The Trump campaign often appeared too chaotic to have been engaged in a treasonous conspiracy with the Kremlin. ‘We couldn’t coordinate with the Republican Party in Pennsylvania, let alone with Russian intelligence,’ a former senior aide to Trump said privately. If a conspiracy was in place, why were there such fumbling attempts by people in Trump’s orbit to make contact with various Russians and their allies? There was Donald junior meeting a Moscow lawyer linked to Russian intelligence, the introduction made by a British music promoter; or Trump’s friend, Roger Stone, clumsily using Twitter to message WikiLeaks, which had published the Hillary Clinton campaign emails, apparently hacked by Russia. An actual conspiracy, you might think, would make all that unnecessary. So is President Trump right that ‘Putingate’ is a hoax perpetrated by the ‘Deep State’?
Perhaps not. The case of Michael Cohen illuminates how Trumpworld works. He helps to understand how – if the president’s enemies are right – the Trump campaign might have interacted with the Kremlin. Cohen has been accused of trading off his status as Trump’s personal lawyer, offering access to the President, for a price. That price – it was reported earlier this month – was as much as $600,000 for the US phone company AT&T, $1.2m for the multinational pharmaceutical company, Novartis. The companies didn’t think they were getting their money’s worth and both stopped paying. In a withering statement, Novartis explained it had ‘determined that Michael Cohen would be unable to provide the services that Novartis had anticipated’.
This week the BBC ran a story saying that a foreign government, Ukraine, had also paid Cohen for access to Trump. Ukraine’s president, Petro Poroshenko, had already been offered – through official channels – a ‘drop-in’ to the Oval Office for a handshake and a photo op with Trump. This was felt by the Ukrainians to be a humiliation and they wanted something they could call ‘talks’. Cohen’s price for getting a few more minutes with Trump: $400,000 (allegedly). Unfortunately, here, too, it seemed Cohen could not deliver. Even as Poroshenko flew over from Kiev last June, he was unsure what would happen when he got to the White House. The Ukrainians thought they had been conned. ‘Poroshenko’s inner circle were shocked by how dirty this whole arrangement [with Cohen] was,’ said the BBC’s source.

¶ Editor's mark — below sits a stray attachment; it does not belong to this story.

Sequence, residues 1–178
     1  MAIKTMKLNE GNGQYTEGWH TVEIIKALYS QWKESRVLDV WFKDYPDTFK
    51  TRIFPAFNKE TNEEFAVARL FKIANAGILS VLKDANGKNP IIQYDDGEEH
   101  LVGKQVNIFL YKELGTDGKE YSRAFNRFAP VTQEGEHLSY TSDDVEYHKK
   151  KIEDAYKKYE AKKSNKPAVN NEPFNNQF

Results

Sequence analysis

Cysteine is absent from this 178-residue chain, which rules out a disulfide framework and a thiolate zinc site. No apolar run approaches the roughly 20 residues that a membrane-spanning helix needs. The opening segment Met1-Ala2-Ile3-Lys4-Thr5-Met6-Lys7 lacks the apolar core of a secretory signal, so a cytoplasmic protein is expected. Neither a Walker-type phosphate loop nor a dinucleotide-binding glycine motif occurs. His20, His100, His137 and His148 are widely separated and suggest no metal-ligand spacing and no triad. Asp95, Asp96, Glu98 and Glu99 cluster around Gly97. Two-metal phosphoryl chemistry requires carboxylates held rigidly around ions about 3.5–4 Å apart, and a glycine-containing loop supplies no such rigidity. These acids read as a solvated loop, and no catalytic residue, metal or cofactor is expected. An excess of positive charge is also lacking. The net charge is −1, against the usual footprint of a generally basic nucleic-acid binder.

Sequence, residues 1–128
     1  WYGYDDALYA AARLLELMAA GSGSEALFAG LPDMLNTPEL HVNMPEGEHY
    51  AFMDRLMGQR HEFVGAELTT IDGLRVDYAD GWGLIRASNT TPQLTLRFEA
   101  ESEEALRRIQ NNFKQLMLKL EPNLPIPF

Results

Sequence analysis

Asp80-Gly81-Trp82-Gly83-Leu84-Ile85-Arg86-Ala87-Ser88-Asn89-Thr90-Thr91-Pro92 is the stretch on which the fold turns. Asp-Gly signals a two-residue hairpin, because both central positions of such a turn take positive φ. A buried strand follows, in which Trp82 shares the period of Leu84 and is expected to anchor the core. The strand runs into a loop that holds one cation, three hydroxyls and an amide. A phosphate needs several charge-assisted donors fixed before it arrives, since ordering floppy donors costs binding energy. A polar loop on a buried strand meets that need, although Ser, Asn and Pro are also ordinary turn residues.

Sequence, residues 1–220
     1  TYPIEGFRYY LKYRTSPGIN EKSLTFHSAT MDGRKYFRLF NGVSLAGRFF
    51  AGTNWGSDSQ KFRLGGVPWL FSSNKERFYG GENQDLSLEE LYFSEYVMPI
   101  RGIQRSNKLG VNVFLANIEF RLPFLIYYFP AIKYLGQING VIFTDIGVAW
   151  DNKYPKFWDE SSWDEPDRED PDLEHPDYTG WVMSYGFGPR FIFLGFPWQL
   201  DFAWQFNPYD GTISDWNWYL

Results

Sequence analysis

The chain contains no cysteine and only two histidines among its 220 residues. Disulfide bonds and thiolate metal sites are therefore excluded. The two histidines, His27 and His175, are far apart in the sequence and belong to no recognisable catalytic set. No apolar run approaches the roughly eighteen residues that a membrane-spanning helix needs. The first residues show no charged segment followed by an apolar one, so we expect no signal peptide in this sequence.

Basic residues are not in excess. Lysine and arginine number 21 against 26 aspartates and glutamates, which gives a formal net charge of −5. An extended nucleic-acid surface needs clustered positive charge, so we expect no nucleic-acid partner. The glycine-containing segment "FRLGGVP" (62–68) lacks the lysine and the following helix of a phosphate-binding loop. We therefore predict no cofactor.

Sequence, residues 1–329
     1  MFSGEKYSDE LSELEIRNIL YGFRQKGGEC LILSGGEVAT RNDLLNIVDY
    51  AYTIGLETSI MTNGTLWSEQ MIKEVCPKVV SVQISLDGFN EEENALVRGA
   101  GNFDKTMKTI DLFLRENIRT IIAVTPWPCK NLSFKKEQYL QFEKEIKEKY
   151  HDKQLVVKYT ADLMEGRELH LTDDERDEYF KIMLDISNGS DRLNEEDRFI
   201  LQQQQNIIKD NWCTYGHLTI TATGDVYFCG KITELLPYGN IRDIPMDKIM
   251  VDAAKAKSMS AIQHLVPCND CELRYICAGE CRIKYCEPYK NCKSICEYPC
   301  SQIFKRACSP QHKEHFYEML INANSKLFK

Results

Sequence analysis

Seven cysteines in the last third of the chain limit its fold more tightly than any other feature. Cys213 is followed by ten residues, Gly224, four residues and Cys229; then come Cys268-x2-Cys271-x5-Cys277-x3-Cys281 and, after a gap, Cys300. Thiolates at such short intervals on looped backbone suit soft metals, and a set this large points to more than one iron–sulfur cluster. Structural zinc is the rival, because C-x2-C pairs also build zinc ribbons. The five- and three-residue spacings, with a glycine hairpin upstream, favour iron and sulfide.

In fact, said a former White House official, the last time Cohen was in the Oval Office talking to Trump was January 2017. He went then to bring a memo outlining a peace plan for Ukraine, which he placed on the President’s desk. ‘Can you imagine Trump actually reading pages and pages of a Ukrainian peace plan,’ the former official said. ‘He wouldn’t get past the second paragraph.’ Anyway, the president’s media aide, Hope Hicks, immediately came in to snatch up the envelope, which eventually made its way to the then National Security Advisor, Michael Flynn. Before Cohen left, Trump is supposed to have asked him: ‘How much money are you making from this thing?’
What light does all this shed on the Trump-Russia ‘scandal’ (or ‘matter’, if you prefer)? One member of the Western intelligence community described it this way… After Trump locked up the Republican nomination – in late spring 2016 – there was a scramble by people in Trumpworld to profit from their association with him. (Cohen tried a final push to get a Trump Tower built in Moscow.) On the Russian side, too, Vladimir Putin put up a pot of money for ‘US election operations’ and invited his subordinates to compete for it. One group of greedy and unscrupulous operators rushed headlong towards another… they collided in chaotic fashion. It didn’t really matter to either whether the other could actually do the thing they promised, as long as everyone made money.
If that picture is accurate it might explain leaks that suggest that the phone and other intercepts do not show an overarching conspiracy – no one conversation clearly pointing to treason – just a suspiciously high number of contacts between the Trump campaign and figures linked to Russian intelligence. Such contacts, if proved, might be enough to send some of Trump’s associates to jail – but would it be enough to impeach Trump? As ever, that depends on what Trump knew, and when he knew it.